What 2020 Taught MSPs About Cyber Security

| Author
TruMethods

TruMethods Standards and Alignment Manager, Brian Dappolone, gives his take on the security landscape of the industry and how businesses can better prepare for 2021.

 

Why should MSPs reevaluate their security processes and take time to focus on security during the end of 2020?

Three months into 2020, businesses had to make a split-second decision: close up shop or create a remote workforce. Creating a remote workforce was tough due to inadequate resources or a plan for full-time remote workers. The quick transition from office to home produced security gaps granting threat actors easy access to confidential data through a user’s unsecured home network.

 

What are some simple ways MSPs can improve their current cyber security practices?

Start with a plan and continually check your cyber security program. If formal security policies and procedures are not in place, get them on paper, and make the effort to enforce them. Start small by using the Center for Internet Security’s CIS Controls Implementation Group 1 standards and increase your company’s maturity level as necessary.

 

How has COVID-19 changed the security landscape for MSPs?

With the extensive shift of employees moving from a secure office network to their homes, increased exposure to confidential information was likely. Lack of encryption on laptops and mobile devices, weak or no wireless access passwords, and poorly configured networking equipment have changed how MSPs secure their clients.
Who in their organization is responsible for implementing security practices and keeping processes up to date?

In some circumstances, statutory or regulatory compliance requires the assignment to the role that maintains policies and procedures. For instance, HIPAA explicitly states, “Identify the security official who is responsible for the development and implementation of the policies and procedures required by this subpart for the covered entity or business associate” (45 CFR § 164.308(a)(2)). Small to medium-sized businesses may lack the budget or resources and could outsource the responsibility to a reputable vendor. Enterprise organizations most likely employ in-house security personnel.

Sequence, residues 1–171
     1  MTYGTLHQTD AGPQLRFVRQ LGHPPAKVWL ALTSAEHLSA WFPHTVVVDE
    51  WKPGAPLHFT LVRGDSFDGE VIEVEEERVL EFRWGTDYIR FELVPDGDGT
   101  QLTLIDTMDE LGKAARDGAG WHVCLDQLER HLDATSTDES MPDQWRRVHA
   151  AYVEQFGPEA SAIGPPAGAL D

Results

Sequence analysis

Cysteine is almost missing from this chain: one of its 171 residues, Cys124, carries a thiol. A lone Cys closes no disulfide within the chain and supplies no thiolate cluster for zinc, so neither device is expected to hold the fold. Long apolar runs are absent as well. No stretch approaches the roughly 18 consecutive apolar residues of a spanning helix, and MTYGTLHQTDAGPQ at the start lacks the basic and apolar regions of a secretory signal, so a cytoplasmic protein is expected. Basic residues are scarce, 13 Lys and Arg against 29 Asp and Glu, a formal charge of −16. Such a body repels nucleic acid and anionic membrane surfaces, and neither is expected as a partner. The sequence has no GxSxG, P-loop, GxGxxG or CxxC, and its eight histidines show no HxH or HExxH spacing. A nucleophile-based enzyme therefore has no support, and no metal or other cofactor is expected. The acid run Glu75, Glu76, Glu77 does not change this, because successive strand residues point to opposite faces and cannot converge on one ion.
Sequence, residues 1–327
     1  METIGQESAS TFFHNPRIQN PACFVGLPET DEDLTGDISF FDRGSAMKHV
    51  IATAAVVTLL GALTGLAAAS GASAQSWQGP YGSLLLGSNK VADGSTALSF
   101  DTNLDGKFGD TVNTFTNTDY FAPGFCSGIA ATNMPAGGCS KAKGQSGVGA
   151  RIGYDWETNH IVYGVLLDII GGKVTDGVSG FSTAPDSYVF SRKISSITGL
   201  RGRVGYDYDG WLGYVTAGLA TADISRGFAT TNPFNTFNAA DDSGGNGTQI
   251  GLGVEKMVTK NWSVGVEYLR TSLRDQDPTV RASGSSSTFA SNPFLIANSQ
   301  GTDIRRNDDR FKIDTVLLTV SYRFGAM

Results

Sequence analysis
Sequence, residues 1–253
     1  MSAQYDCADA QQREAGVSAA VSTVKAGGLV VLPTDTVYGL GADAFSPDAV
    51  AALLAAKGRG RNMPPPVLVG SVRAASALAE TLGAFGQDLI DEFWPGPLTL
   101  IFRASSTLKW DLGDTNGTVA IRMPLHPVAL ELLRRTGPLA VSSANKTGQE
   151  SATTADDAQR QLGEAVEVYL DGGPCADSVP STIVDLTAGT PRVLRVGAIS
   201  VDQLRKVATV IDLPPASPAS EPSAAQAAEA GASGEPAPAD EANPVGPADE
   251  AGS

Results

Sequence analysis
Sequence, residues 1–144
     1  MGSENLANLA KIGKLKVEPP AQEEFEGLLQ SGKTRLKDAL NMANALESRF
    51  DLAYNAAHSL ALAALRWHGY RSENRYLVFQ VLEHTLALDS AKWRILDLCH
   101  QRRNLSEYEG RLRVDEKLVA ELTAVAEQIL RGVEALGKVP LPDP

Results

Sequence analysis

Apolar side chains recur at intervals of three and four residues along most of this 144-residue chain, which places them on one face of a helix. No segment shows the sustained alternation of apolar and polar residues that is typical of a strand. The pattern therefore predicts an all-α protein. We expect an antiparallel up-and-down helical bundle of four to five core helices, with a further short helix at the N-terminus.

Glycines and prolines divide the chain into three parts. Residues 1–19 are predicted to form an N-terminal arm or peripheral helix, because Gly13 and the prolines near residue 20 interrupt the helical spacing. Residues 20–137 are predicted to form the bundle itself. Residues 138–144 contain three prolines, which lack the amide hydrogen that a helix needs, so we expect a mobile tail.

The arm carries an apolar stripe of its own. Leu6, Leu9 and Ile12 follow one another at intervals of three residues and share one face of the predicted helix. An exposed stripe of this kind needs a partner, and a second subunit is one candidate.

How often should an MSPs cyber security plan be evaluated?

Evaluation of an internal security plan is an ongoing process; there is no set frequency an MSP evaluates or updates their plan. The frequency, depth, and breadth of a cybersecurity program are all dependent on the organization’s level of risk. Businesses with a lower level of risk may assess their security program less often than organizations with medium to high levels of risk. That is, a mom and pop shop most likely has less complex network security than a multinational corporation.

 

How can TruMethods help MSPs/vCIOs on this topic?

The TruMethods FormulaWon program and myITprocess go hand in hand when evaluating and implementing the security controls of your customers. FormulaWon establishes company roles (e.g., vCIO, Technology Alignment Manager, Service Desk) and outlines how they work together to build Technology Success and develop a World Class MSP. With myITprocess, MSPs go a step further by developing standards and best practices, performing an assessment of their customer’s environment, and designing a strategic roadmap to implement improvements over time. FormulaWon and myITprocess give MSPs and vCIOs the tools needed to build a thriving IT company while securing their clients.

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TOPICS: IT service cybersecurity risk management MSP security COVID-19 cybersecurity

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